Before the agreement on free movement came into force, the immigration of foreign labour was controlled by the state. The quotas to be admitted were negotiated between the economic sectors, the cantons and social partners. Despite the efforts at limiting immigration, the actual numbers of people entering the country frequently exceeded the maximum allowed, since the quotas did not take into account family reunification and illegal workers.

Brand plays down concerns that the reintroduction of a similar system would be incompatible with free movement of people.

“You have to discuss with the EU and renegotiate the agreements,” he told The People’s Party has also said it is prepared to abandon the bilateral agreements, but is certain that the EU has every interest in renegotiating them.

The trade unions reject the party’s proposal out of hand. In their eyes the old quota system had obvious limits.

“Studies have shown clearly that jobs were insecure, and that wage dumping and illegal working were major problems. There is talk today of a return to the status of seasonal workers as if people have forgotten the awful situation these people found themselves in, frequently forced to live far away from their families,” said Daniel Lampart, general secretary and chief economist of the Trade Union Federation.

Since they lacked many of the rights that today are taken for granted, the seasonal workers often had to hide the children they did not want to leave behind at home but whom Switzerland refused to accept.

Asylum seekers

Although the debate in Switzerland has focused on workers, asylum seekers are also affected.

The vote sets a ceiling on the number to be admitted.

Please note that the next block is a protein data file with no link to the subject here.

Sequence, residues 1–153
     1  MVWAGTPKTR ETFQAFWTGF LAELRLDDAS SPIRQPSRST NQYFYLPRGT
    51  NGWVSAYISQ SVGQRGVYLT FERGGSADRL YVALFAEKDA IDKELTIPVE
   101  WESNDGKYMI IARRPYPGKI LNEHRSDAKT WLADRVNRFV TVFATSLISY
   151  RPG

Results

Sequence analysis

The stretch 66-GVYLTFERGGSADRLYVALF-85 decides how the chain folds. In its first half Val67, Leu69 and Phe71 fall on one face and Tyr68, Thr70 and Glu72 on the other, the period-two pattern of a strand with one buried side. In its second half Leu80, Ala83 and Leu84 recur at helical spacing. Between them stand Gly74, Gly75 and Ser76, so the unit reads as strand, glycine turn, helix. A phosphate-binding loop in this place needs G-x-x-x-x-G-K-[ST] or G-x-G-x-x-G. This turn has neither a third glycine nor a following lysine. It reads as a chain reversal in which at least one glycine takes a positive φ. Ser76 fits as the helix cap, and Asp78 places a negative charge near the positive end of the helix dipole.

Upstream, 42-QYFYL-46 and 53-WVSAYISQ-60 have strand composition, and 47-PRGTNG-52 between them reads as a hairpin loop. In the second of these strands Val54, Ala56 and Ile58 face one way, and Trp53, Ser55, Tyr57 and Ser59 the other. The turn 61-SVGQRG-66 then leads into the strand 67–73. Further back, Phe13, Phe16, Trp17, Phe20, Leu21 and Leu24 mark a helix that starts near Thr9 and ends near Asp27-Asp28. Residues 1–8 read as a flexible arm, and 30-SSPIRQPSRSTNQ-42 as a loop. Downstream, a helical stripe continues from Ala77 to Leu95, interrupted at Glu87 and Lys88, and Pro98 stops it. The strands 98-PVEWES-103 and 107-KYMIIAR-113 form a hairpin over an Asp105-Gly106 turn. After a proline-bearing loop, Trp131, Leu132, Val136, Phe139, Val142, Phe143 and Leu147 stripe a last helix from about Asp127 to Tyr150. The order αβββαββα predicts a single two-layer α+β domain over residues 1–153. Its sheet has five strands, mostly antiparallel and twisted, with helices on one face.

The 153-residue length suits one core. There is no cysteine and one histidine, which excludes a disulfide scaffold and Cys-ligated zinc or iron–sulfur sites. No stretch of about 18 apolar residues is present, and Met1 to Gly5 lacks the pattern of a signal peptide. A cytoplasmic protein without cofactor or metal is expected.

Many experts warn that this is incompatible with international law, which says that asylum seekers have the right to a fair hearing and cannot be returned to a country where their lives may be in danger.

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A two-class system

One of the key ideas being brandished by the People’s Party to limit immigration is indeed to restrict the right to family reunification. In 2013 about 50,000 people came to Switzerland by virtue of this right – 32.2% of the new arrivals.

For Brand and his party, “anyone who comes to Switzerland on a short-term permit [less than one year, renewable] does not need to bring along his wife and children. So L permit holders will not be able to take advantage of family reunification. But for people who stay longer, this right will be guaranteed, as long as they can prove that they have sufficient finances.”

In other words, the People’s Party is proposing a two-tier system, paying special attention to more qualified workers and those who have every chance of being able to integrate.

These provisions are also unlikely to please Brussels. Family reunification is in fact one of the pillars of free movement and the EU has never been willing to compromise on it, not even in the special case of Liechtenstein, which already has a quota system.

The centre-left Social Democrats have already abandoned any thought of finding a solution to this intractable problem. As far as they are concerned, the initiative and the bilateral agreements are “totally incompatible”.

Claiming that voters were unaware of this before they cast their ballots in February, the Social Democrats are making noises about calling a “corrective vote”.